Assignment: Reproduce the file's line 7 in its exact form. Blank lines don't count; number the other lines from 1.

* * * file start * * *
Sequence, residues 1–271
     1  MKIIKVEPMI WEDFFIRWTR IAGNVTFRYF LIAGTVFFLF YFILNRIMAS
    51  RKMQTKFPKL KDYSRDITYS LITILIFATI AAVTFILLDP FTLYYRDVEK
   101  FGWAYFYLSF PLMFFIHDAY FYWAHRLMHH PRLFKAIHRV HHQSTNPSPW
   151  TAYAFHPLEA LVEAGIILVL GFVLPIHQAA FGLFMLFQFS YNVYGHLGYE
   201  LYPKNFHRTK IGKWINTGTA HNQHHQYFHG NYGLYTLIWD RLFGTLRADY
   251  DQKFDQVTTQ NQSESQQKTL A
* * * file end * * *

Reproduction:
   251  DQKFDQVTTQ NQSESQQKTL A